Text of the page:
Much has been written about swapping Suzuki’s G16B 1.6 liter 16-valve engine into the Samurai. It is mechanically very simple (as engine swaps go) but the wiring can be a daunting challenge for many. To date it has been necessary for the DIY builder to perform extensive research, gather all the information they can find, try to make sense of it, and take their best shot (or pay someone that has already done it). There is no one “correct” way to make this engine swap. The variations are nearly endless. Much of it involves personal preference. What is presented here is a process that is known to be successful, along with some of the more familiar options. ALL WIRING SHOULD BE DONE WITH THE BATTERY REMOVED FROM THE VEHICLE 1.1. It is HIGHLY RECCOMMENED that you purchase the appropriate Field Service Manual for your engine model year (either digital or print copy). Though there are only two sections that are relevant to a transplanted engine the information is absolutely invaluable. Much – but not all – of the required Information is also available in most aftermarket vehicle specific service manuals (Haynes, Chilton’s, etc.) The pertinent sections (6 & 8) of the 1996 Tracker FSM may be downloaded for free from Acksfaq.com (donations are appreciated). 1.2. 1992 through 1998 Suzuki/Geo (GM) vehicles with G16B (1.6 liter 16-valve) engines can be identified by the 8th digit in the Vehicle Identification Number. “0” for Suzuki badged vehicles, “6” for Geo’s (“U” indicates an 8-valve 1.6L). 1.3. The most common set-up, and arguably the simplest, mates a donor Tracker or Sidekick engine, with the Samurai 5- spd Manual Transmission. Donor engines with Automatic Transmissions (3 or 4 A/T) are easily rewired to work with the Samurai 5-spd M/T. Specific notations for installing the donor engine with a 3 A/T appear where necessary. The 4 A/T is significantly more complicated and is not included in these instructions. 1.4. It is preferred (but not required) that the ECM and engine be of the same model year. However, as long as the computer has all the necessary inputs and outputs it makes no difference what motor it is physically controlling. It should be noted that OBD1 vehicles (1995 & earlier) are much less complex than OBD2 vehicles (1996 & after). The earlier technology is far easier for the amateur auto electrician to manage. OBD2, being more modern, has nearly twice as many sensors & controls. Properly tuned, OBD2 engines will provide slightly more power, better fuel economy, and cleaner emissions. Replacement parts are also easier to find, but of course, are more expensive.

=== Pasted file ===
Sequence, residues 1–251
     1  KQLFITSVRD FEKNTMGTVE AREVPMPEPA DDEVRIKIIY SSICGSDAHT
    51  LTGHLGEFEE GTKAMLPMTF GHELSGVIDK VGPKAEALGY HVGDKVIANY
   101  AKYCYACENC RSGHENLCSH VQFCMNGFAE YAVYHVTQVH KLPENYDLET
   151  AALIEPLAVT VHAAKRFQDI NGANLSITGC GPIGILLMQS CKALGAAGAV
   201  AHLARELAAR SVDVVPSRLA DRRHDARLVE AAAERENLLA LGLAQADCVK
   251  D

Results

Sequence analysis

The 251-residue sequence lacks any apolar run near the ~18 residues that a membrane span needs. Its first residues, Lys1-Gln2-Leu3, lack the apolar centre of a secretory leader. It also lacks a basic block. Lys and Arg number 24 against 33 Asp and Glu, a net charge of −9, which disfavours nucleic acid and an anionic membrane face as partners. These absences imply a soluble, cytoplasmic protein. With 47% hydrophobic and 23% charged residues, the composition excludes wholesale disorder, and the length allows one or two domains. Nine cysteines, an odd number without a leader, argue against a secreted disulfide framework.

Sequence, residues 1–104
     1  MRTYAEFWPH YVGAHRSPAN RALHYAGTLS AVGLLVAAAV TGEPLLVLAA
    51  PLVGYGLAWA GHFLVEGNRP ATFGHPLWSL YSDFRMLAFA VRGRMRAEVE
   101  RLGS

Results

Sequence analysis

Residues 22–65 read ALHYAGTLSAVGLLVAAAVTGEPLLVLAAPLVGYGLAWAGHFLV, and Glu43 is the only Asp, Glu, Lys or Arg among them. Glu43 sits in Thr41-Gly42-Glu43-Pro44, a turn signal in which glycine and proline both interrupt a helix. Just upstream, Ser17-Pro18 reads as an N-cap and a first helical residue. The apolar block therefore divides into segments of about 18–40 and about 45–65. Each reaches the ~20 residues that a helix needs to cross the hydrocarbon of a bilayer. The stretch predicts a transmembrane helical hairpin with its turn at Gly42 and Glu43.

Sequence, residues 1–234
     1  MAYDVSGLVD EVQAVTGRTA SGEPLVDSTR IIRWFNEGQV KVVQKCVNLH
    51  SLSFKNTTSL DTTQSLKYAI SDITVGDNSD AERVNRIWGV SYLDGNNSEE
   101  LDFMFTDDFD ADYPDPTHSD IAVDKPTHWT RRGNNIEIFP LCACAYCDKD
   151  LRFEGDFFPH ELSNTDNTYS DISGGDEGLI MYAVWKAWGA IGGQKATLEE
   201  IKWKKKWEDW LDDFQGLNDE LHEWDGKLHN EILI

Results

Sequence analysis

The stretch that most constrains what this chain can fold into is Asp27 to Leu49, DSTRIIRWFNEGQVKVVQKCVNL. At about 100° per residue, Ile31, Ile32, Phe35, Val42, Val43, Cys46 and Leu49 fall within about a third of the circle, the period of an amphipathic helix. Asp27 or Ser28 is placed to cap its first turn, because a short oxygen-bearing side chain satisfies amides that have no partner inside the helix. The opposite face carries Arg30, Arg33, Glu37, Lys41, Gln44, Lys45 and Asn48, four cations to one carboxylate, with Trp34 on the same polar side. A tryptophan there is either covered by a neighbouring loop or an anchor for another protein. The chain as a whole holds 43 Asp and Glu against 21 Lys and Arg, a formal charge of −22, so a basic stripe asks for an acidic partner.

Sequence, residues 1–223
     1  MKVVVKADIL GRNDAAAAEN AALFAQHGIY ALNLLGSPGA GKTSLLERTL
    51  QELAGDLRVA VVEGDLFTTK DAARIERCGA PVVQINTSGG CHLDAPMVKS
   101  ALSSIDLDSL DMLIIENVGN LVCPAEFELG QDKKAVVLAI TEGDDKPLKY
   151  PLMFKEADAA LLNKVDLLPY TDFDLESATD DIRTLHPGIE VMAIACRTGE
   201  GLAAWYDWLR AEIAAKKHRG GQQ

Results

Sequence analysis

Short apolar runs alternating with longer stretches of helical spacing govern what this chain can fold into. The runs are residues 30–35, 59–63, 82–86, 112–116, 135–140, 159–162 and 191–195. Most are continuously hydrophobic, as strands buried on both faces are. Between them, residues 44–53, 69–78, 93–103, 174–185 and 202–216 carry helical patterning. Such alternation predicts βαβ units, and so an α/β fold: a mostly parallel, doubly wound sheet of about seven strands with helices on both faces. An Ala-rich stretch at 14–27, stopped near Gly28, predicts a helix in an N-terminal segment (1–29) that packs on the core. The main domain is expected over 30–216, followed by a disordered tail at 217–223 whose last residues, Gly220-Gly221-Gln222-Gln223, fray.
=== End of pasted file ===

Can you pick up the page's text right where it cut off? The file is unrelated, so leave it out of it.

Filed Under (Suzuki) by admin on 31-12-2010
Engine Options for the Samurai There are a number of possibilities for changing the engine in your Samurai, depending on where you live and what you want to accomplish. Suzuki Sidekick or Geo Tracker I (1989-1995) – The block from the 1.6 8-valve Sidekick or Tracker can be swapped in easily. This is by far the simplest upgrade, requiring modified engine mounts, transmission adapter plate, and provision (some sort of lift, or an adaptation from a G12 series engine) for the oil pan. Intake and Exhaust Manifold will fit, and finally the addition of an electronic fuel pump since the 1.6 head does not have lobes on it for the fuel pump. Petroworks can supply almost all necessary parts required for this task. Motors are a little harder to come by though. The next level to this swap would be the use of the Sidekick/Tracker Throttle Body intake system. This is a much more complex task and requires the complete under hood wiring harness, parts of the under dash harness, and computer from a donor car. Modification of the harness is required to install it into the Samurai. TR Also, the Speedometer cluster needs to be modified on the Samurai to add in a Vehicle Speed Sensor (VSS). This is needed by the computer to adjust timing during operation. Suzuki Swift – This is a G13 series engine with a counterbalanced crankshaft, twin overhead cams and fuel injection. One of the easier swaps to make, requiring only some minor wiring changes and a hole in the Samurai’s firewall for the horizontally mounted distributor (this engine was originally designed for a transverse mounting). Suzuki Sidekick or Geo Tracker II (1993-1995) – The motor from these cars are 1.6 16v, multiport fuel-injected. These motors are usually found in 4 door cars and will say “16 Valve” On the valve cover, Timing Belt cover or injector manifold. This is a much more complicated swap and requires a lot of wiring to interface with the Samurai harness.